As a seventh-grader in India, I chanted anti-Mao slogans when China invaded India. It was India’s first war after independence and we suffered a humiliating defeat. I have resented China since.
After arriving in the US to attend college, I founded a company in Silicon Valley, which made products to complement Cisco’s routers. Twenty years ago, when Cisco’s router code, with its original mistakes, was found embedded in Chinese routers made by Huawei, I retaliated by refusing to buy consumer goods made in China.
Last year I became a subscriber to Foreign Affairs magazine. Its high-level perspective on global geopolitics fascinated me. Three months ago I came across an article written by Prime Minister Lee Hsien Loong of Singapore. He made a case for why countries should not have to choose between the US and China, claiming “Chinese economy has tremendous dynamism .. (in contrast to the Soviet Union)… (and now has the stature to).. not only respect global rules but uphold and update international order.”
Lee Hsien Loong’s argument got me thinking.
I started exploring what China is about and what if anything America might learn from China while preserving its democratic and capitalist values. I also reached out to Chinese American friends to gain insight into their understanding.
How does America solve the serious problem of job-loss of the middle-class? China has. The pandemic has only made it worse.
China has handled the pandemic better than the US, even though we have superior research and healthcare. China had its first COVID-19 case in Wuhan in early December 2019. The US had its first known case in Seattle, 60 days later.
The Chinese government moved quickly to contain the virus. In China, a country of 1.4 billion, 5000 people have died from COVID-19. Here in the United States, a country of 330 million, more than 170,000 have died — 150 times higher on a per capita basis.
Just 45 days after the first known case, a Chinese researcher revealed the first draft of the RNA of coronavirus. Knowing the structure of the virus has helped international laboratories to accelerate the development of tests, treatments, and vaccines — thanks to China.
Since 1979, China’s annual average GDP growth has been 9.5%. At first, the world did not trust their numbers. Then we saw how China’s economic policies lifted 800 million people out of poverty, built a world-class infrastructure, and created a 15,000-mile of the high-speed train network while holding more than $1trillion of the US government’s debt.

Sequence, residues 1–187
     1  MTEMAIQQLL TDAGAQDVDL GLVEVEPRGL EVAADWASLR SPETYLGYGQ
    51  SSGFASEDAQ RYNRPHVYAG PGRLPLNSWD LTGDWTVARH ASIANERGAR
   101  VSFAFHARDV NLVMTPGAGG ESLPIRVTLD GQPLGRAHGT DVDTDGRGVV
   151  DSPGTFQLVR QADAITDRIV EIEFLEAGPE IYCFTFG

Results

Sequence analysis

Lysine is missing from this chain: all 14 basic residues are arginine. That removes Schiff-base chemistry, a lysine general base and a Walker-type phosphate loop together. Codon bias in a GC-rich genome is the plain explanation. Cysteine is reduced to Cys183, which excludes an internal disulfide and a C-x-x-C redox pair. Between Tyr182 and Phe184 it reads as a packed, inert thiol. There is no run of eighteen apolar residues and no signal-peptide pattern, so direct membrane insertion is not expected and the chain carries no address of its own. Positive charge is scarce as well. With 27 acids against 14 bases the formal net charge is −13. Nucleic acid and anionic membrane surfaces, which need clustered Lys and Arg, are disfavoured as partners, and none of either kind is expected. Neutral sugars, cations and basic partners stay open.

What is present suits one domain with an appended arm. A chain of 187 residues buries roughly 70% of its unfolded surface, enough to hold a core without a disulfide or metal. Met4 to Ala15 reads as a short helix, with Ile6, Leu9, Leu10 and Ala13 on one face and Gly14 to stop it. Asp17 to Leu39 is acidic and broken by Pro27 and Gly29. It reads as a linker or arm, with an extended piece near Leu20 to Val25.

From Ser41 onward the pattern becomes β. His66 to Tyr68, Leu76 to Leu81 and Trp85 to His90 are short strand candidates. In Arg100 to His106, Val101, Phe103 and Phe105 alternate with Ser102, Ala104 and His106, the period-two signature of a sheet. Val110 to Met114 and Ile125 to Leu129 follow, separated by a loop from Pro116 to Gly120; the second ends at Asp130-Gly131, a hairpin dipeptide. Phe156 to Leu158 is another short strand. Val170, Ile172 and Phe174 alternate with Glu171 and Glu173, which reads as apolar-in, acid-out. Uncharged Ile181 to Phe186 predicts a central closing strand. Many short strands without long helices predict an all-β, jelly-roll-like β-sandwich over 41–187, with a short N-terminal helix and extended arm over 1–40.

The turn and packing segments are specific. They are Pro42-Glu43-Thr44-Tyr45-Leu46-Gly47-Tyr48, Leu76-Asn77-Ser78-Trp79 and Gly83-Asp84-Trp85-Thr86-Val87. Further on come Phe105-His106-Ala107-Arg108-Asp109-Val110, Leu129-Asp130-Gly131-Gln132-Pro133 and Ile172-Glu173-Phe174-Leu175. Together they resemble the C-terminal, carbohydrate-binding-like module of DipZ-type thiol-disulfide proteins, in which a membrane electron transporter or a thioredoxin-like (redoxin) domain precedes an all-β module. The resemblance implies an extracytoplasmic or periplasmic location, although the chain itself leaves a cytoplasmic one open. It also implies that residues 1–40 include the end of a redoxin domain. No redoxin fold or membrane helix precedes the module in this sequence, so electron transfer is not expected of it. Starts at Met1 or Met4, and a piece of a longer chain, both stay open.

Chinese progress is real and impressive, and their economic statistics have been accurate.
Most surprising is the agility with which the Chinese one-party system has made complex maneuvers, which have worked out remarkably well. China has made the transition from Maoism to opening up to foreign investments and allowing private enterprises to flourish while building public enterprises and allowing them to privatize.
I learned and now believe, these sweeping reforms could not have happened without a heated dialog and dissenting voices within the party. After all, 90 million members of the Communist Party of China (CPC) cannot be homogenous thinkers. Their execution could not be perfect either. Did they correct their missteps, rather quickly?
CPC publicly refrains from admitting mistakes or airing their dirty laundry. It may not be easy to figure out how the party works, but they have made phenomenal progress.
Political freedom remains an issue in China, yet a US survey reveals 95.5% of people satisfied with Beijing, compared to 38% in the US.
Will Chinese people remain satisfied as long as economic prosperity continues? Maybe.
Internationally, the lack of trust in China is increasing. Internally, a Pew Research survey shows Chinese people are dissatisfied with income inequality, corruption, and inflation. Their teens also want to save the environment.
Is China trying to reform itself on these fronts? Perhaps.
Whereas, social reforms from within, open dialog, and pursuit beyond economic gains are America’s strengths. American generosity was reflected in the Marshall Plan and handing free internet to launch the world at the recent turn of the century.
The US has worked hard since WW2 to earn its stripes of being a formidable economic power by market liberalization. It is also the best place to foster innovation.
However, the American middle class is being left behind. If the US government could partner with big-techs — private-public collaboration — the middle class can also be uplifted. While the big techs hire, the government can help up-skill education, for employment, like in China. If Elon Musk and the likes can be supported to build Hyperloop — our version of the high-speed rail — we can overcome affordable housing problem, by dramatically shortening workers’ commute.
Despite different political ideologies, grounded by our values America can be unafraid of adapting and learning from others including China.